Author: Karen Copeland
From Part 1: There was a daily gnawing in my stomach. Sleep was elusive. I tried desperately to believe in myself, but could not. A part of me, deep down inside wanted to scream, a primal scream that would shatter the neighborhood. Instead, I stayed silent. I shut off my voice. I gave in.
This was definitely a low point in my life. I became bitter and convinced that things would never change. Even if a bright spot presented itself to me, I looked at it with jaded suspicion, anticipating the moment when it would disappear again. I hated this place. And yet, found it strangely safe. It was much easier to stay within the walls of negativity and anger than to exert the effort that would be required to draw myself out of it.
I knew I couldn’t stay in this place forever. This was not who I wanted to be. I needed to find my courage, to dig deep within myself to find the will to break down the walls I had surrounded myself with. I couldn’t do this alone. I needed to find my champions, discover my supporters and allow them to guide me forward.
It was hard at first, to hear these words of encouragement that were being delivered to me. It was very easy for me to dismiss the simple statement “you are a good parent” by telling myself “yeah, but…”. Oh yes, my brain was very well trained in the “yeah, but…” argument.
I had to allow myself to hear the words of my supporters, and with help from my counselor, I started to challenge my insecurities. Connecting with other parents who were going through similar experiences definitely helped. I also started looking outside my own situation to discover some people who were putting into practice the importance of relationships, of honouring the parent experience instead of becoming defensive or dismissive. I explored this in my post Starting with Strengths (in Education), writing about how joining twitter created this pathway to discovery.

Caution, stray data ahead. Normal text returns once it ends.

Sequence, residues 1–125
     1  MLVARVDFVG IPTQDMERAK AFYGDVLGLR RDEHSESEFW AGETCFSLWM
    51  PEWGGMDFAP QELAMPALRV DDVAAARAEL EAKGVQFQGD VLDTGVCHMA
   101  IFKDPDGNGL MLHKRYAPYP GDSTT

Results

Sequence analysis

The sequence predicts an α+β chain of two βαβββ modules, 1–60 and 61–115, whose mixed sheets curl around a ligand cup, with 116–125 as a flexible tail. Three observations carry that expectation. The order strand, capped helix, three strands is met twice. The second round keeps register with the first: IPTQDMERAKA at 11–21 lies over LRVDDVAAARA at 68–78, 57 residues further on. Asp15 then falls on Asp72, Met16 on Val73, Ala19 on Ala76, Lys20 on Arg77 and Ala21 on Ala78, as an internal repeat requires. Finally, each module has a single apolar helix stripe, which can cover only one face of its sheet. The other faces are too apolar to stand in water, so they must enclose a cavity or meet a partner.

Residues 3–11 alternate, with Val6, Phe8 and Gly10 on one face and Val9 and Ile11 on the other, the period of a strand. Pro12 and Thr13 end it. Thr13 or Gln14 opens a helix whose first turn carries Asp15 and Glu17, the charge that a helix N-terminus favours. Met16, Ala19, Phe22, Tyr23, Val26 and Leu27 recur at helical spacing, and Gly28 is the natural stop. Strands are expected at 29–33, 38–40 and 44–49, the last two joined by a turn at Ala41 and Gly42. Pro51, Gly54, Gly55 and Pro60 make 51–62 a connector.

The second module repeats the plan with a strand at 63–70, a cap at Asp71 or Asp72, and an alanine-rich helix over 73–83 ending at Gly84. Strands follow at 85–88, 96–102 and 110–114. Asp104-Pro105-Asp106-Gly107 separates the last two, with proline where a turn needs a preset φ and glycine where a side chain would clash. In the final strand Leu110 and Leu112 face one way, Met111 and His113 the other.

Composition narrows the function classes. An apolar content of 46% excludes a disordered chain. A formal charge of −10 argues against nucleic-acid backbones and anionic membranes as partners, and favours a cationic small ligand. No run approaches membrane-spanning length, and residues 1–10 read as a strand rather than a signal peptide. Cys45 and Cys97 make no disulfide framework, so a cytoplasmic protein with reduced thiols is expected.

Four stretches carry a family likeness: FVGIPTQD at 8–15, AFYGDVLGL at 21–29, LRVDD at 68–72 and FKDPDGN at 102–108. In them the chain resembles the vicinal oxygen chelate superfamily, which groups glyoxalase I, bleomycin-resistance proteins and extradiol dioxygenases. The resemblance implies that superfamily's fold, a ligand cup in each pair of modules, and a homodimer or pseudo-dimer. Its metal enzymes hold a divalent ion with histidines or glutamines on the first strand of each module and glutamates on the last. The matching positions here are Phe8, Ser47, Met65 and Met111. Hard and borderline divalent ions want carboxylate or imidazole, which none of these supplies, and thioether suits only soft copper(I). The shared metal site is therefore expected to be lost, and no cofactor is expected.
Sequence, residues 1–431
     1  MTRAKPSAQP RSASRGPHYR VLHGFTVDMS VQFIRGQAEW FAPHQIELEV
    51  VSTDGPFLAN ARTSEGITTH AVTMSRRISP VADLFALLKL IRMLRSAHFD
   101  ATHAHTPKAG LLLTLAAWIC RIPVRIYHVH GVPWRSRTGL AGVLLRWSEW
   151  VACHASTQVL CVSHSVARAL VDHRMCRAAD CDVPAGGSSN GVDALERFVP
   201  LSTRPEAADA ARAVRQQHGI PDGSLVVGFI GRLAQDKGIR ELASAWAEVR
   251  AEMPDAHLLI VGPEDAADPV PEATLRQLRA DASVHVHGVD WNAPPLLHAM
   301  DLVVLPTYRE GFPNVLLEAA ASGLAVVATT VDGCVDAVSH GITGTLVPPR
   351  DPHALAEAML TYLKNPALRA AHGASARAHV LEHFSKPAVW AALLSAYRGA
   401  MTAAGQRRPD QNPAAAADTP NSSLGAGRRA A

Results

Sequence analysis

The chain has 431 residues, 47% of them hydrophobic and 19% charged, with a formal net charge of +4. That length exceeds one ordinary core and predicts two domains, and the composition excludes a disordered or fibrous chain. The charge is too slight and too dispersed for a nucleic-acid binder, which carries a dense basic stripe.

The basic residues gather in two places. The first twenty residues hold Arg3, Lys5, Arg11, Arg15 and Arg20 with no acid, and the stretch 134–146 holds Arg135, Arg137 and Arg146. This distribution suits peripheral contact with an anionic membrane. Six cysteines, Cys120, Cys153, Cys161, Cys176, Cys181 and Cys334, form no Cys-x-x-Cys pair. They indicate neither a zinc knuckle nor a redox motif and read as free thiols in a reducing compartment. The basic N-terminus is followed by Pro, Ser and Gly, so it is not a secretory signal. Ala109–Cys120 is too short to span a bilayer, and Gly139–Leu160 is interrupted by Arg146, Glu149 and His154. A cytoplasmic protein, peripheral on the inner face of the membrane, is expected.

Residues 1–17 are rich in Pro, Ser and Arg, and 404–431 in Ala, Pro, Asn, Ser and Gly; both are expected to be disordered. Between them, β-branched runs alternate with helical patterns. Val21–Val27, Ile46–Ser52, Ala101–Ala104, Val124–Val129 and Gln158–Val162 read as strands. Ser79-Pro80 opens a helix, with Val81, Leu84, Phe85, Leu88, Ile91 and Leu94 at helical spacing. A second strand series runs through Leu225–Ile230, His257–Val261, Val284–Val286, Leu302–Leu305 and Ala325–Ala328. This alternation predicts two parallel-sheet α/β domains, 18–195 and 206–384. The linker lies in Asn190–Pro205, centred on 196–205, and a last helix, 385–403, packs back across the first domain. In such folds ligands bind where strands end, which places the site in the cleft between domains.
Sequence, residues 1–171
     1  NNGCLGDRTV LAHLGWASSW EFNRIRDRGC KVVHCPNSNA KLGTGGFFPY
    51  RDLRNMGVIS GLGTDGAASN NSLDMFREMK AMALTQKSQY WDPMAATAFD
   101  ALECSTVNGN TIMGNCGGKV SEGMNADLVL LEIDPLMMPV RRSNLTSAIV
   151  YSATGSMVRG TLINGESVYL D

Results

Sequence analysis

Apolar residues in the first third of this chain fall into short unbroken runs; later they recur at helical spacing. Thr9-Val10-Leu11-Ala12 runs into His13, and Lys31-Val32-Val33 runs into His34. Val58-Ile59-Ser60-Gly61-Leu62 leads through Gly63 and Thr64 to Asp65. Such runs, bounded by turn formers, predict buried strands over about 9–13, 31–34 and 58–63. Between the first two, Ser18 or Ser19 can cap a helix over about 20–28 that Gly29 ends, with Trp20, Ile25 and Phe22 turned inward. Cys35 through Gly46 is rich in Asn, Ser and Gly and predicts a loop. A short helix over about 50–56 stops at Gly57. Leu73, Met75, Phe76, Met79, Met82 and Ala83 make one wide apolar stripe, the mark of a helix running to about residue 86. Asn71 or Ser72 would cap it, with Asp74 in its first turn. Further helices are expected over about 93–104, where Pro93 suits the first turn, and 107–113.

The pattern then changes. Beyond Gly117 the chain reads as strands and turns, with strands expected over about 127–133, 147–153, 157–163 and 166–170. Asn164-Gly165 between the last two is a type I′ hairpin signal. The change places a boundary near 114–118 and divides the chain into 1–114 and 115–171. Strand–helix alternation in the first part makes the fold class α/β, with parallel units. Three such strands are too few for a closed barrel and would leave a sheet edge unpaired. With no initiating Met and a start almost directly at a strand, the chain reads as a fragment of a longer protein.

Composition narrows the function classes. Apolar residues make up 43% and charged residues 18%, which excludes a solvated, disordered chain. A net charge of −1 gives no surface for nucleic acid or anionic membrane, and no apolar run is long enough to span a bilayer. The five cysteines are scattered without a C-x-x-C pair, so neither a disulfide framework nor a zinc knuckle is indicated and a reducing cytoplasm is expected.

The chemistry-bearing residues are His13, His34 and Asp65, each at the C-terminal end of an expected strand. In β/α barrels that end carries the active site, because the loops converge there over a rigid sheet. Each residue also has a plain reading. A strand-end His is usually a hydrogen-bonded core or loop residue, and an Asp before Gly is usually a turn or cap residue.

Perhaps most importantly, I began sharing my story. The first time I spoke out was on a panel at the Promoting Mental Health in BC Schools Summer Institute in 2012. Not many people know this, but I was in a very dark place at the time. Barely holding on, but for some unknown reason, adamant that I wanted to participate.
An interesting thing happened to me while I was on the panel. I was certainly nervous at the start, my hands and voice shaking. But as I began speaking my truth and sharing small pieces of our story, my voice became clearer. Stronger. My words were being embraced by the audience, applauded even. After so many years of feeling like I was not heard at all, suddenly people were listening. Actually listening. I am not going to lie. This felt good. My message, my knowledge, it was finally being heard. I was shedding the label I had attached to myself. Realizing I may in fact, have value.
This was a turning point for me. This was one of the key moments that started me on the path to where I am today. The re-discovery of not just my confidence, but my passion. It would lead me to somewhere beautiful.